The haul included a deeply impressive piano duet version of Tchaikovsky’s Romeo and Juliet Overture, arranged, according to the frontispiece, by N Rimsky-Korsakov, as in Russia’s great orchestral colourist and composer of Scheherazade, Nikolai Rimsky-Korsakov. The Goldstone-Clemmow team immediately incorporated the overture into their repertoire, and, says Anthony Goldstone, “played it hundreds of times, completely under false pretences, though we didn’t know it at the time”. In the course of their careers, they have established a network of contacts who are specialists in sheet- music collection, some of them, according to Goldstone, “complete obsessives”. Two things happened. One of these contacts discovered that the Romeo and Juliet Overture transcription (also featured on this trailblazing new CD) was not, in fact, made by Nikolai Rimsky-Korsakov. The N stood for Nadezhda, and the transcription was made by Rimsky-Korsakov’s wife; but that’s another story altogether. At the same time, Anthony Goldstone and Caroline Clemmow were looking for appropriate music to put with the Romeo and Juliet Overture to form a cohesive concert programme. They, too, knew of the footnote in Grove’s about the arrangement of the Fourth Symphony, and put the word out on their network. The word came winging back from one of their friendly “obsessives” that not only did he know of the arrangement, but he actually possessed a copy of it in an ancient edition published in Leipzig. The husband and wife fell on it, devoured it, and were stunned at the quality of Taneyev’s transcription. It is, indeed, mind-blowing. Everything in the symphony is there. There is no pianistic trickery or fakery to simulate orchestral effects, apart from occasional tremolo figures to mimic the timpani or the continuous sound of the strings. It is an absolutely straightforward transcription, dazzlingly effected by Taneyev and gloriously played by Goldstone and Clemmow, which somehow, without the glittering orchestration on which you would think the symphony absolutely depends, succeeds in capturing the spirit and emotionalism of the piece. It requires just a moment of the listener to adjust the mindset away from the familiar orchestral drapery of the piece. Once you’re into it, it is gripping. The detail of the inner workings of the composition that shines through is phenomenal. It amounts to a real complement to the orchestral version, which will enhance the experience of the symphony for all those who love it deeply.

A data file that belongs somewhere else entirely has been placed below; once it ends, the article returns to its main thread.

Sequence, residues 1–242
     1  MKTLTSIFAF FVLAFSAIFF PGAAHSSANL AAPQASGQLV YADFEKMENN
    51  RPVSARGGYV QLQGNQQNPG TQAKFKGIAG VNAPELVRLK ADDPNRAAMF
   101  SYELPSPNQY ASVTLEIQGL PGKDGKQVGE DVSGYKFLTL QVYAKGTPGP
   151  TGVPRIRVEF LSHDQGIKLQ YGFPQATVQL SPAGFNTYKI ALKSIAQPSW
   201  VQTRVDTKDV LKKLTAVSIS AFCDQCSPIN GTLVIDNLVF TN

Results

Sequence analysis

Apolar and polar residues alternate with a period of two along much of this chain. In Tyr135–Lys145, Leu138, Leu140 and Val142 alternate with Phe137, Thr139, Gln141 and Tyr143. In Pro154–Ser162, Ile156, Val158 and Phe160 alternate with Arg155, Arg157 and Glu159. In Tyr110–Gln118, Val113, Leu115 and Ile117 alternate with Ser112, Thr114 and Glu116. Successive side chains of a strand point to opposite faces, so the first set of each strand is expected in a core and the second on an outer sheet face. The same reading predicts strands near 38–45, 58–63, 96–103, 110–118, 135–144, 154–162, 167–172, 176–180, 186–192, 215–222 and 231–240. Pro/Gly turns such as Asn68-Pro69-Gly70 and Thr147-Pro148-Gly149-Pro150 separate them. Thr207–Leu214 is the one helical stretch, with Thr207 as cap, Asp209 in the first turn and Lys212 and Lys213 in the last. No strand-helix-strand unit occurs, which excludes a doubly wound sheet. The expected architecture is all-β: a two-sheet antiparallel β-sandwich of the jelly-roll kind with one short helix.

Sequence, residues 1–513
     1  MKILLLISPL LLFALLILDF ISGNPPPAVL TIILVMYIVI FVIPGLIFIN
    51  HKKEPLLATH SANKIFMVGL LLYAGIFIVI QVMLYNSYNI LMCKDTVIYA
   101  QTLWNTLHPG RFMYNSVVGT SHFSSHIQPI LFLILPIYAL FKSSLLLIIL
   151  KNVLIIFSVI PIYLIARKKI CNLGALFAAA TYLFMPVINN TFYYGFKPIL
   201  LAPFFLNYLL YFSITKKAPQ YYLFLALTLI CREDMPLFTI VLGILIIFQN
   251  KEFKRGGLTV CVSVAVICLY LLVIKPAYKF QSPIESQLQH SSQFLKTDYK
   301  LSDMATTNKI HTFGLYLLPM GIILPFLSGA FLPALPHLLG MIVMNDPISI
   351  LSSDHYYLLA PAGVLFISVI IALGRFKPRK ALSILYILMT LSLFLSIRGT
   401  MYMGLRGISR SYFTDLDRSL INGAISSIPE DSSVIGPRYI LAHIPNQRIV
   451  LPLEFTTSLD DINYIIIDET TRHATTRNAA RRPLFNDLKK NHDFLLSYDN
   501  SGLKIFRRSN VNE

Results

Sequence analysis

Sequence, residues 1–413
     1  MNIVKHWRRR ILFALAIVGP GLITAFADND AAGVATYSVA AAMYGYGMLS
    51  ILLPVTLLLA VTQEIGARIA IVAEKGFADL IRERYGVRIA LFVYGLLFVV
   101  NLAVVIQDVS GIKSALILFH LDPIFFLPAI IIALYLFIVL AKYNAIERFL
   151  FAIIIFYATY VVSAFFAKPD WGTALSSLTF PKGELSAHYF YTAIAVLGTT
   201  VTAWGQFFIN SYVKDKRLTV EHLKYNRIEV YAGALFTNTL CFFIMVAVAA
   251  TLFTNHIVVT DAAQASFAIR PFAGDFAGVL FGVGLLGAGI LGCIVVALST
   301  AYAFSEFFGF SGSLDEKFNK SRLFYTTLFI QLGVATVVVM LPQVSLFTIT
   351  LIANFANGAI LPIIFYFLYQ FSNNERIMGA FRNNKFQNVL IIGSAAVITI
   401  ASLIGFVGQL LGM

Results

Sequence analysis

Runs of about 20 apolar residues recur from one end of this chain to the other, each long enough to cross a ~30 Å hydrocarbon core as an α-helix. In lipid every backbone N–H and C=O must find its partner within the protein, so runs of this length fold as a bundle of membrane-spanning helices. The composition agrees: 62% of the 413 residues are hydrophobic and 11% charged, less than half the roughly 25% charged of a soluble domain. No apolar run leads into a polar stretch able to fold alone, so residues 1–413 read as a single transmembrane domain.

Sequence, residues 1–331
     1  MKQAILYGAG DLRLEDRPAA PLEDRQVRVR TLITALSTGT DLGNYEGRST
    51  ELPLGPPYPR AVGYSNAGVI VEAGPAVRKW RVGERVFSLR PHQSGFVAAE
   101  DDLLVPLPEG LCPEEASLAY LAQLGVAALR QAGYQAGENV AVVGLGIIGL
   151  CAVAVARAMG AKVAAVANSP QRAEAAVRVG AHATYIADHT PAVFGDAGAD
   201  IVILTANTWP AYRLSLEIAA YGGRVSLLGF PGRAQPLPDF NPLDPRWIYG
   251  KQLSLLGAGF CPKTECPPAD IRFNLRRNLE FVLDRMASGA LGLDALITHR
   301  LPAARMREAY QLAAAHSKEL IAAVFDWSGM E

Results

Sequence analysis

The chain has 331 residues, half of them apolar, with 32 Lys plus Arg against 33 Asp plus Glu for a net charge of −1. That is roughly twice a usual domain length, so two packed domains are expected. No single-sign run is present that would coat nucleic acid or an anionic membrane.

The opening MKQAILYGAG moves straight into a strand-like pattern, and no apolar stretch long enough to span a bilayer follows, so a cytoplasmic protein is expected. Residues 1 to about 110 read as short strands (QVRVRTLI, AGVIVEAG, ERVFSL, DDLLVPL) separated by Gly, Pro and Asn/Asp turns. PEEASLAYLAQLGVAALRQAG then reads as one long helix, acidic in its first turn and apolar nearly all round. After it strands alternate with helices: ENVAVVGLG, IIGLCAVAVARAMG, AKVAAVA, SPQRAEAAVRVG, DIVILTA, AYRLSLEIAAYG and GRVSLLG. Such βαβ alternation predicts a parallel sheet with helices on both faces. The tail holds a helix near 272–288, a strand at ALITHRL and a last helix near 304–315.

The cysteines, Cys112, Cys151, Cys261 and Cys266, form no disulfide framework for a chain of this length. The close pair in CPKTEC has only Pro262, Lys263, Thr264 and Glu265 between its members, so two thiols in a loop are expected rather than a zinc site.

Last weekend I managed to track down the pianists, who perform their duet act on the telephone just as fluidly as they do at the keyboard; and, though they have now known the work for some time, they are still as excited with their discovery as when it landed on their desk. “It’s like a black-and-white film as opposed to a colour film. You hear the bones of the work more, the structure, bits of texture, and all manner of details that you haven’t noticed before. Yet, it loses none of its immediacy and pungency.”
Two practical points to make. In exactly a year, the Goldstone-Clemmow team is coming to Scotland. They are proposing to bring a Tchaikovsky programme with them. At the moment, they have just two engagements secured on the music club circuit. I would strongly urge Scotland’s network of music societies to investigate this new recording, and get on the phone to the pianists; their contact details are in the Tours Book issued to all societies by Enterprise Music Scotland. Book them, and ask for the symphony – which, so far, they have played in concert only three times – and the Romeo and Juliet Overture. It will guarantee a sensational night in your society (as long as there is a decent piano for them to play).
Second point. How to get the CD. You almost certainly won’t find it in the shops, though it can be ordered that way. The recording has been made by the enterprising one-man company, The Divine Art – another interesting yarn to be spun one day. Best way to get hold of a copy (at about £12.99 and worth every nickel) is direct from the company. See below for the address. One last point, for any pianists interested in investigating the transcription. Goldstone and Clemmow are unaware of any modern-day publication of the score, but feel sure that there are probably copies in university libraries or other specialist libraries.